Comment: A 48-week suspension, a DVD and Joe Brolly - how did the GAA end up here?
A little bit of hard news for you at the top of the column; Antrim will be appealing Matthew Fitzpatrick's suspension, having lodged the appeal on Tuesday night.
The man heading it up, will be no less than...drum roll here... Joe Brolly! An intriguing case just went nucleaur.
Let's rewind and recap how we got here. At first, a grainy still image of a player was sent to Antrim, who were asked to identify a player involved in an off-the-ball incident against Armagh. A member of the team management and a member of the county board thought it was a player alright, but not Matthew Fitzpatrick.
On the basis that no-one could offer a certain identification, Fitzpatrick won his appeal.
The Central Competitions Control Committee then acquired a short video clip and asked Antrim to identify the player. A county board officer did so. Again it was not clear, with the players’ face and number obscured so Fitzpatrick won his second appeal.
On Monday night, the CHC requested Fitzpatrick for a third meeting. This time they had a much longer clip. They froze the clip at one point and asked Fitzpatrick if he was the player identified. When he confirmed, they laid a charge against him of ‘misleading an investigation’.
The length of time of the ban changed, because the charge changed. From striking, to misleading an investigation.
Of course, it will not stick. Antrim are pursuing their case through another layer of GAA bureaucracy with the Central Appeals Committee and are enlisting the help of the legal profession.
At best, it could be thrown out. Antrim are clinging to the stipulation that a video clip, edited in any way, cannot be used in evidence. At worst, Fitzpatrick’s suspension would be at least halved.
The odd thing is that Antrim are now being punished off the back of evidence provided by Armagh, in an effort to clear one of their own players.
As joint-manager Gearoid Adams said on Monday night; “The fact they have another DVD of it, which apparently is different from the last one, shows that there is some sort of an agenda.
“If you look at Fitzy’s, he was actually hit first in the evidence. So are they going to do the guy who hit Fitzy?
“What does it take for Croke Park or the GAA to go after Matthew Fitzpatrick?”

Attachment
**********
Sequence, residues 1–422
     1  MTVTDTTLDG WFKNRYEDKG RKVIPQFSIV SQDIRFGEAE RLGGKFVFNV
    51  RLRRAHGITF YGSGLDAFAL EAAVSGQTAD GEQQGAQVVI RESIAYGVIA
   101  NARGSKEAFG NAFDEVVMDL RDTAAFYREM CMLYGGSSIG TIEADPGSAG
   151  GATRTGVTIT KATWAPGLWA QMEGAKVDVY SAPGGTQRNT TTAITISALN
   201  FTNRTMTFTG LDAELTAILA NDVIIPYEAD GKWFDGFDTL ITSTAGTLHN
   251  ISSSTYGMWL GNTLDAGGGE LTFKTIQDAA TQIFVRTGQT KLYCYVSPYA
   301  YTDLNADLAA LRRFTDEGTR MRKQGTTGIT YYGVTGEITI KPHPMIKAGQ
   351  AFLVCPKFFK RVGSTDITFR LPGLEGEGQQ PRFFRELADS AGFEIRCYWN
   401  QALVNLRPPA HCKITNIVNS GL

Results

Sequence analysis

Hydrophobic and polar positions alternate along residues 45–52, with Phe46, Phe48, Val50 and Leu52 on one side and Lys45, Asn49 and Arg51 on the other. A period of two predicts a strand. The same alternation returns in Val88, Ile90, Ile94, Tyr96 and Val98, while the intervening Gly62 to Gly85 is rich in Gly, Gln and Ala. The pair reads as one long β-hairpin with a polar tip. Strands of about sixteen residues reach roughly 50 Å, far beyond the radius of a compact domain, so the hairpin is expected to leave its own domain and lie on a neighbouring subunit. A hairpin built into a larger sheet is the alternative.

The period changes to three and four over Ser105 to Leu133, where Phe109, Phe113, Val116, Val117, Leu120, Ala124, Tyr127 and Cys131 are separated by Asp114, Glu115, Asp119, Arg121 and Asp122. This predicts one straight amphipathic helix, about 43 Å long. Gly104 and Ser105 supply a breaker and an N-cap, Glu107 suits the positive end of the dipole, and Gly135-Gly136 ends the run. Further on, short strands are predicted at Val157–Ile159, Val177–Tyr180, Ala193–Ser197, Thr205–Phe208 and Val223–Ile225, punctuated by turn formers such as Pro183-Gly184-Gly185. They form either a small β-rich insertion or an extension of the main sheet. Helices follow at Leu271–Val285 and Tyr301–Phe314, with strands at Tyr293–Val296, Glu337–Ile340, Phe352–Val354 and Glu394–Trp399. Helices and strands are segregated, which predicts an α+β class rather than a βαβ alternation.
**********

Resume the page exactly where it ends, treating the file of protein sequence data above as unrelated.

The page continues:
Adams is intimately familiar with Fitzpatrick, having coached him from he was under-16 at their club, St John’s.
To his mind, he can barely recall the forward picking up a yellow card in his career, let alone a red.
What seems clear at this point is that Fitzpatrick did transgress. Let’s not forget that. But the GAA culture is not to accept punishments.
It’s not the populist thing to say, but when you take this case in isolation, digest the fact that the GAA are going to take a dim view of misleading evidence, then you cannot logically disagree with some form of punishment although the length is ridiculous.
Hold it up against the light of various cases down through the years however and the GAA look as if they are making it up as they go along.
In 2015, Armagh and Dublin played a challenge match that ‘got a bit tasty’. Dublin defender Davey Byrne ended up hospitalised overnight with facial injuries.
The GAA asked for video evidence of the match, and neither county provided it. In an age where every training session is recorded on video, we were expected to believe that two of the most resourced, professional teams did not have a video man.
Neither county released names of those involved. Nobody was suspended. There was a significant fine, reduced to a less significant fine on appeal.
And then there was the time Diarmuid Connolly was recorded on video punching Lee Keegan in the 2015 All-Ireland semi-final. He received a red card, but escaped the suspension after Dublin had the means and the expertise to bring it to the Disputes Resolution Authority, prising open a loophole big enough to squeeze through.
This is how it works, in the two-tier GAA justice system.
Say it ain't so, Joe.